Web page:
by Dr Keanen M. McKinley
Last year, I conducted interviews with international students as part of a qualitative study. Throughout the course of the study—including conducting the interviews, drafting my manuscript, and sharing my preliminary results—I often faced ethical dilemmas. For example, a student mentioned international students speak “international English.” Qualitative research methodologists urge researchers to ground their work in examples, like participant quotes, that provide context and allow readers to draw their own conclusions (Elliott et al., 1999). However, how was I to share participant quotes that may not be considered “proper English” without portraying the participant negatively or distorting what they said?
Qualitative methodologists have offered guidelines for conducting ethical and quality research (e.g., Morrow, 2005), but I have found no such guidelines for researchers who work with international students, despite researchers often drawing attention to students’ potential vulnerability (e.g., Forbes-Mewett, 2020; Marginson, 2013; Sherry et al., 2010). Existing guidelines have clear implications for researchers who work with international students. For instance, qualitative researchers encourage participants to choose their own research pseudonyms (Allen & Wiles, 2015). If a participant chooses a name that might identify their home country and risk their confidentiality, though, should researchers set limitations on what names can be chosen? What limitations would be justified? Qualitative methodologists also caution researchers “must be prepared to provide psychological support if their interviews create undue stress or raise psychological complications” (DiCicco-Bloom & Crabtree, 2006). For students who have faced extraordinary circumstances, like refugee students, what supports are considered adequate? What action should researchers take “in the moment,” should a student require support?
To start addressing these and other ethical dilemmas, I seek to collaborate with researchers who work with international students and have experience with qualitative research. I propose following the example of Williams (1996), who shared several ethical issues that surfaced during her own research. Her paper is an intimate look at the research process and the ethical dilemmas she faced noting, “I am, in some sense, owning up to the ways in which I solved, or more often failed to solve, these dilemmas” (Williams, 1996, p. 40). Her work provides insights for novice and experienced researchers, and as my proposed project would appear to be the first among researchers who work with international students, it would be fitting to write this paper for researchers with a wide range of research expertise and experience.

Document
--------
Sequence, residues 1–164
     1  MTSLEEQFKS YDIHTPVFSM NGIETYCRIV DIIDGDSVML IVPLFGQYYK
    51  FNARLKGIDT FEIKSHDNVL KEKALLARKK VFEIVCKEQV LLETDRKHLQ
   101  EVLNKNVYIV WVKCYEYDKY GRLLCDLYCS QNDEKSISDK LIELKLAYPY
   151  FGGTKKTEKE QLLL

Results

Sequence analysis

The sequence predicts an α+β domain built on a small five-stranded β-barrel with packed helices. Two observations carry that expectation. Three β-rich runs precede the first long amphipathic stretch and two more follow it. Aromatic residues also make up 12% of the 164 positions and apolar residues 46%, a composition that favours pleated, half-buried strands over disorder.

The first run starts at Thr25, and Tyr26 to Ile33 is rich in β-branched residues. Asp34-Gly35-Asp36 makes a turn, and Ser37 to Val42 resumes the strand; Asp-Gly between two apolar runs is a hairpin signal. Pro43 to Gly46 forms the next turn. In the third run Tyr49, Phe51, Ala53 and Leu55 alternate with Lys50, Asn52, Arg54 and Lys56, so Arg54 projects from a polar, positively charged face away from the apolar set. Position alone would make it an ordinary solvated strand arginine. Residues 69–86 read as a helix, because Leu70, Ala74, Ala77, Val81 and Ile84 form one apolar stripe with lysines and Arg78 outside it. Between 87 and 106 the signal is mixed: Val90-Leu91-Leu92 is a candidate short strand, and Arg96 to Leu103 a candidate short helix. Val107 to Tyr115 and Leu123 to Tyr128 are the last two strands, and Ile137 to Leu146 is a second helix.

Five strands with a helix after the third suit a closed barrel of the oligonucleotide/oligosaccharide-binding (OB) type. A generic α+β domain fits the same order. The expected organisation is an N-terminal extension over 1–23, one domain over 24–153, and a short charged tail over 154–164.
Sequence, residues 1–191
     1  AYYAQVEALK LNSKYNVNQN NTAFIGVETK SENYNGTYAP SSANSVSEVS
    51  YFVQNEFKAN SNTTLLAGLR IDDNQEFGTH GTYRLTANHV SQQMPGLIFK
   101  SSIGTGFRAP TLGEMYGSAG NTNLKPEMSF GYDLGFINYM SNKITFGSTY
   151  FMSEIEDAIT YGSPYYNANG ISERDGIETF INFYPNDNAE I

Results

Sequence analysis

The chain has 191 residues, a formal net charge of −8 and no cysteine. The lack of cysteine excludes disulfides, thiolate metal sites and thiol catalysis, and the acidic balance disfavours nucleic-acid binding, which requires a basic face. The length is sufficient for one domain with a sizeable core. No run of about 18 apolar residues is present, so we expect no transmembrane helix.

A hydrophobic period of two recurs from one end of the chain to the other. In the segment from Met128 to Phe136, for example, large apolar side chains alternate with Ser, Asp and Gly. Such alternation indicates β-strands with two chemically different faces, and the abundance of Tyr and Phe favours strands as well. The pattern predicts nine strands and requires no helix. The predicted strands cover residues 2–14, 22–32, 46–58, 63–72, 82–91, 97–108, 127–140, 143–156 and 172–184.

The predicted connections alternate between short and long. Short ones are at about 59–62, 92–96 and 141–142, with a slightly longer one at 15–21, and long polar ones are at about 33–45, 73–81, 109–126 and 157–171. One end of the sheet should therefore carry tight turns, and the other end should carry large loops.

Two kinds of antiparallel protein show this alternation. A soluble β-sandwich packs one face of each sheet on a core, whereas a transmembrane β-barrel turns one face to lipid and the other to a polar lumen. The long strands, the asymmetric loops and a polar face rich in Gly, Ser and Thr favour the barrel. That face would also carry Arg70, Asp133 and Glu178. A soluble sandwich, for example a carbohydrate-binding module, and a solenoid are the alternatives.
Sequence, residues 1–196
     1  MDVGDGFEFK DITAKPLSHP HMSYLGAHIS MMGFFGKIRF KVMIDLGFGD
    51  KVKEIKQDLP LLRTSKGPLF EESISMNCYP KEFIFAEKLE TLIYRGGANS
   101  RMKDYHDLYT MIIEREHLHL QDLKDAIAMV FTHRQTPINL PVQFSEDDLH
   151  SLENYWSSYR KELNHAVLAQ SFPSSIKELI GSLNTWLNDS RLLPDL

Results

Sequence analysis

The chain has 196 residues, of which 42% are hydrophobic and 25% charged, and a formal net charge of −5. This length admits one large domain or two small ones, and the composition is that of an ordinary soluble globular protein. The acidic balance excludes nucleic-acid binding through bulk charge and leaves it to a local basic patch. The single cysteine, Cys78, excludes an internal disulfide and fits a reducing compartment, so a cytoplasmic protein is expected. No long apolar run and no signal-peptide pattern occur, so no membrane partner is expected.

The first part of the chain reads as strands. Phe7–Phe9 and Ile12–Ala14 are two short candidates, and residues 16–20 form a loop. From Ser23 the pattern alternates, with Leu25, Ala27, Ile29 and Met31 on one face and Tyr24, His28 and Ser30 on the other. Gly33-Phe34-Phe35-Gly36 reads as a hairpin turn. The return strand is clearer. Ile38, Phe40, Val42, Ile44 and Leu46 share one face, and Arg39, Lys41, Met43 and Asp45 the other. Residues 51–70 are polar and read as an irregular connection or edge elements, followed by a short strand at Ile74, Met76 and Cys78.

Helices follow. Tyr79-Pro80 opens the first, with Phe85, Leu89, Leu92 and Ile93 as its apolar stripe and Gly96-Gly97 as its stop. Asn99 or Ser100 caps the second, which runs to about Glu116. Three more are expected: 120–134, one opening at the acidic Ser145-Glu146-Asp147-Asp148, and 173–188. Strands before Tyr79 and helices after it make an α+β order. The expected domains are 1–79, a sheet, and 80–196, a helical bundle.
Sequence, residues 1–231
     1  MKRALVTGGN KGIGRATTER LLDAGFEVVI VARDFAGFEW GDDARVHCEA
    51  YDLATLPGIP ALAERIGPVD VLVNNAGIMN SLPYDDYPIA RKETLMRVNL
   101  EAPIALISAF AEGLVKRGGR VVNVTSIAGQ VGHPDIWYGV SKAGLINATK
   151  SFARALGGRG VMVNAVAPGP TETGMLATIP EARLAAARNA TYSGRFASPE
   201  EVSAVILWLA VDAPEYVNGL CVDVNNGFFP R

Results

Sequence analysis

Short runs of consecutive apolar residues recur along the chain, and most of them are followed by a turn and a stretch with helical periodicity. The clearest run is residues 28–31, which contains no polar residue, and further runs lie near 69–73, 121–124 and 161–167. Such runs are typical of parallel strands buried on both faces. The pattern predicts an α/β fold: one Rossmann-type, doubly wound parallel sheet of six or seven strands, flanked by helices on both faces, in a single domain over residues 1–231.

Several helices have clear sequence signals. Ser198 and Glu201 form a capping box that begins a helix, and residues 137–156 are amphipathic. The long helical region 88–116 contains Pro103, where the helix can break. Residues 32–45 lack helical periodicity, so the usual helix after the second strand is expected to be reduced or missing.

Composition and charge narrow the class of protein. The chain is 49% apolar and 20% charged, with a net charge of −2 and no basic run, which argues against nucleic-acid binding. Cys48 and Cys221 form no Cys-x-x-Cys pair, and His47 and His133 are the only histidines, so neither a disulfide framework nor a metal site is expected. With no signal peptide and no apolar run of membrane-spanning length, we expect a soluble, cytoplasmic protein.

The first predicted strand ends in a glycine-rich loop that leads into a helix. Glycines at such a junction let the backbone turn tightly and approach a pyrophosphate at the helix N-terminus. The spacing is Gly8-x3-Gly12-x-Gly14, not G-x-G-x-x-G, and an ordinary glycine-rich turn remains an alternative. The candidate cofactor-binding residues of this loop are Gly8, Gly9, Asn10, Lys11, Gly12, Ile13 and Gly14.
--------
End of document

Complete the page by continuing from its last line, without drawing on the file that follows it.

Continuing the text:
If you are interested in working on this project, please contact me at email@example.com. By confronting our own ethical dilemmas, we can help ensure researchers are conducting ethical qualitative research with international students that ultimately improves their experiences.
About the Author
Dr. Keanen McKinley is the Assistant Director for Assessment and Reporting, Arts & Sciences Dean’s Office at William & Mary. As a scholar-practitioner and applied research methodologist, his research brings together his interests in research methodologies and the internationalization of higher education to advance research practices.
Allen, R. E., & Wiles, J. L. (2016). A rose by any other name: Participants choosing research pseudonyms. Qualitative Research in Psychology, 13(2), 149-165. https://doi.org/10.1080/14780887.2015.1133746
DiCicco-Bloom, B., & Crabtree, B. F. (2006). The qualitative research interview. MedicalEducation, 40(4), 314-321. https://doi.org/10.1111/j.1365-2929.2006.02418.x
Elliott, R., Fischer, C. T., & Rennie D. L. (1999). Evolving guidelines for publication ofqualitative research studies in psychology and related fields. British Journal of Clinical Psychology, 38(3), 215-229. https://doi.org/10.1348/014466599162782
Forbes-Mewett, H. (2020). Vulnerability and resilience in a mobile world: The case of international students. Journal of International Students, 10(3), ix-xi. https://doi.org/10.32674/jis.v10i3.2002
Marginson, S. (2013). Equals or others? Mobile students in a nationally bordered world. In S. Sovic & M. Blythman (Eds.), International students negotiating higher education: Critical perspectives (pp. 9-27). Routledge.
Morrow, S. L. (2005). Quality and trustworthiness in qualitative research in counseling psychology. Journal of Counseling Psychology, 52(2), 250-260. https://doi.org/10.1037/0022-0126.96.36.199
Sherry, M., Thomas, P., & Chui, W. H. (2010). International students: A vulnerable student population. Higher Education, 60, 33-46. https://doi.org/10.1007/s10734-009-9284-z
Williams, C. L. (1996). Dealing with the data: Ethical issues in case study research. In P. Mortensen & G. Kirsch (Eds.), Ethics and representation in qualitative studies of literacy (pp. 40-57). National Council of Teachers of English.